visits the high-scoring forward-pass hypotheses one by one, tivity of input images. At the first pooling level, pools with
in a manner similar to a top-down attention process (43, 44), features that are adjacent in the input contours are connected
running a conditional inference that assumes that all other with each other. This process is repeated recursively in the
nodes are off to find an approximate MAP configuration for hierarchy where lateral connections at the higher levels are
the object (Fig. 4A). The backward pass can reject many ob- inferred from adjacency in the lower-level graphs.
ject hypotheses that were falsely identified in the forward Features at the topmost level represent whole objects.
pass. These are obtained by finding the MAP configuration of a
The global MAP configuration is a subset of all the object new object up to the penultimate level of the network, con-
hypotheses generated from the forward and backward passes. necting pool pairs at the penultimate level according to the
The number of objects in the scene is inferred as part of this contour continuity of the input object, and then storing the
MAP solution. In addition to searching over an exponentially conjunction of activations at the penultimate level as a fea-
large number of subsets, finding the global MAP requires rea- ture in the top-most level. See section 5 of (33) for details.
soning about high-order interactions between different hy- Once the set of lower-level features and lateral connec-
potheses. We developed an approximate dynamic tions are trained, they can be used for different domains by
programming (DP) method that solves this in linear time. The tuning a few hyper-parameters [section 8.3 of (33)]. The filter
DP algorithm exploits the fact that each object hypothesis oc- scales in the PreProc are chosen depending on the image and
cupies a contiguous region that can be represented as a 2d object size, and the flexibility of the lateral connections is set
to match the distortions in the data. In addition, the features

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at the lowest level have a smoothing parameter that sets an the network deteriorates rapidly with even minor perturba-
estimate on the probability that an edge pixel is ON owing to tions to the spacing of characters that are barely perceptible
noise. This parameter can be set according to the noise levels to humans 15% more spacing reduced accuracy to 38.4%,
in a domain. and 25% more spacing reduced accuracy to just 7%. This sug-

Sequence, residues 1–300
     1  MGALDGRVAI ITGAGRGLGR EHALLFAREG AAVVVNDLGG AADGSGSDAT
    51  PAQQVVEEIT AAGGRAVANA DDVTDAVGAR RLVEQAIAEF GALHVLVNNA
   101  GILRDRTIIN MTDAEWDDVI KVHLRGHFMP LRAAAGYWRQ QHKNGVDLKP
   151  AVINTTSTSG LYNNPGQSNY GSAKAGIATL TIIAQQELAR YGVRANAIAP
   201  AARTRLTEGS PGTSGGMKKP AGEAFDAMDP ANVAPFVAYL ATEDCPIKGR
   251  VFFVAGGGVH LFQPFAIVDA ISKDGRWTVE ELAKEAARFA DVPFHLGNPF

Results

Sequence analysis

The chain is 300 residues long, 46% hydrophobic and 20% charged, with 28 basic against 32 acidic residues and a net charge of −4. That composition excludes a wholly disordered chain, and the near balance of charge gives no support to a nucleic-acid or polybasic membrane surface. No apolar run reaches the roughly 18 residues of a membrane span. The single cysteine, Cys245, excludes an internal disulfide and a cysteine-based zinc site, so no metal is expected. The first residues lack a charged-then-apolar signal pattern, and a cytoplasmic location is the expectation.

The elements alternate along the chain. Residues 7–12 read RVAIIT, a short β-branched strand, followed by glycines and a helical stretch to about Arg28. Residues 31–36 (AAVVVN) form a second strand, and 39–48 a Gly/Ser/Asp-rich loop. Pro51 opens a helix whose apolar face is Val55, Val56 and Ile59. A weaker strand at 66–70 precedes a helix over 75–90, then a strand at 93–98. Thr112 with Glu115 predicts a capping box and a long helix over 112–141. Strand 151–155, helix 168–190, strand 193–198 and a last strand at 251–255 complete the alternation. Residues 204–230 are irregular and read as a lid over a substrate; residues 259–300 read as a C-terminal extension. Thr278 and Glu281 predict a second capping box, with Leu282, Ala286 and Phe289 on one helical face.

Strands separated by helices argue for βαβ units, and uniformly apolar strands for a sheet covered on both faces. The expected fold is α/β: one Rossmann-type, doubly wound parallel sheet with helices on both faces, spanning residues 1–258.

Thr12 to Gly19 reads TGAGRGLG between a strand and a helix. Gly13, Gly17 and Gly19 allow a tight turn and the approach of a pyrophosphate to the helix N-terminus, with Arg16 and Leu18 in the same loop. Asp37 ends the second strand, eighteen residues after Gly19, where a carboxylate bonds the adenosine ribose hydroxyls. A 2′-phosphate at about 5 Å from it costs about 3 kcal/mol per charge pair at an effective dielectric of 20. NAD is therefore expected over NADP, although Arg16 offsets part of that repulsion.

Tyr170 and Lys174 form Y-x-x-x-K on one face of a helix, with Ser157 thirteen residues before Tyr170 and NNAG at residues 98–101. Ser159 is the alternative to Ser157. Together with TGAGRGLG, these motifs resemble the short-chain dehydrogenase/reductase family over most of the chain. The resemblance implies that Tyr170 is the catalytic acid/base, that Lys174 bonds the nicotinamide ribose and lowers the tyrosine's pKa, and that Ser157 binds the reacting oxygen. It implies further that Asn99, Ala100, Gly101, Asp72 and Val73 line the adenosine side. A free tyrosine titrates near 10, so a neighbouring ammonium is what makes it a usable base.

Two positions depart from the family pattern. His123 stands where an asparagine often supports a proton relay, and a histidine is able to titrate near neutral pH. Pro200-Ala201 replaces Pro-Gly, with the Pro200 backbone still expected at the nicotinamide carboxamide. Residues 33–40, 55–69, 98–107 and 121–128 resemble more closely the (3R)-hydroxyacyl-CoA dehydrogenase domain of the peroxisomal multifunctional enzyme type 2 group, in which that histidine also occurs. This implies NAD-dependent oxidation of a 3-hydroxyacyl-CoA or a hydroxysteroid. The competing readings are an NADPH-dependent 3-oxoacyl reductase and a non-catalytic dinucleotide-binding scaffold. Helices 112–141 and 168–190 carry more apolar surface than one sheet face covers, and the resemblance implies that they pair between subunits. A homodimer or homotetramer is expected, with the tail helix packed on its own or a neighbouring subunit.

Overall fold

gests that the deep-learning method learned to exploit the
Results specifics of a particular CAPTCHA rather than learning mod-
A CAPTCHA is considered broken if it can be automatically els of characters that are then used for parsing the scene. For
solved at a rate above 1% (3). RCN was effective in breaking RCN, increasing the spacing of the characters results in an
a wide variety of text-based CAPTCHAs with very little train- improvement in the recognition accuracy (Fig. 5B).
ing data, and without using CAPTCHA-specific heuristics The wide variety of character appearances in BotDetect
(Fig. 5). It was able to solve reCAPTCHAs at an accuracy rate (Fig. 5C) demonstrates why the factorization of contours and
of 66.6% (character level accuracy of 94.3%), BotDetect at surfaces is important: models without this factorization
64.4%, Yahoo at 57.4% and PayPal at 57.1%, significantly could latch on to the specific appearance details of a font,
above the 1% rate at which CAPTCHAs are considered inef- thereby limiting their generalization. The RCN results are

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fective (3). The only differences in architecture across differ- based on testing on 10 different styles of CAPTCHAs from
ent CAPTCHA tasks are the sets of clean fonts used for BotDetect, all parsed based on a single network trained on 24
training and the different choices of a few hyper-parameters, training example per character, and using the same parsing
which depend on the size of the CAPTCHA image and the parameters across all styles. Although BotDetect CAPTCHAs
amount of clutter and deformations. These parameters are can be parsed using contour information alone, using the ap-
straightforward to set by hand, or can be tuned automatically pearance information boosted the accuracy from 61.8% to
via cross validation on an annotated CAPTCHA set. Noisy, 64.4%, using the same appearance model across all data sets.
cluttered and deformed examples from the CAPTCHAs were See section 8.4.6 of (33) for more details.
not used for training, yet RCN was effective in generalizing RCN outperformed other models on one-shot and few-
to those variations. shot classification tasks on the standard MNIST handwritten
For reCAPTCHA parsing at 66.6% accuracy, RCN required digit data set [section 8.7 of (33)]. We compared RCNs clas-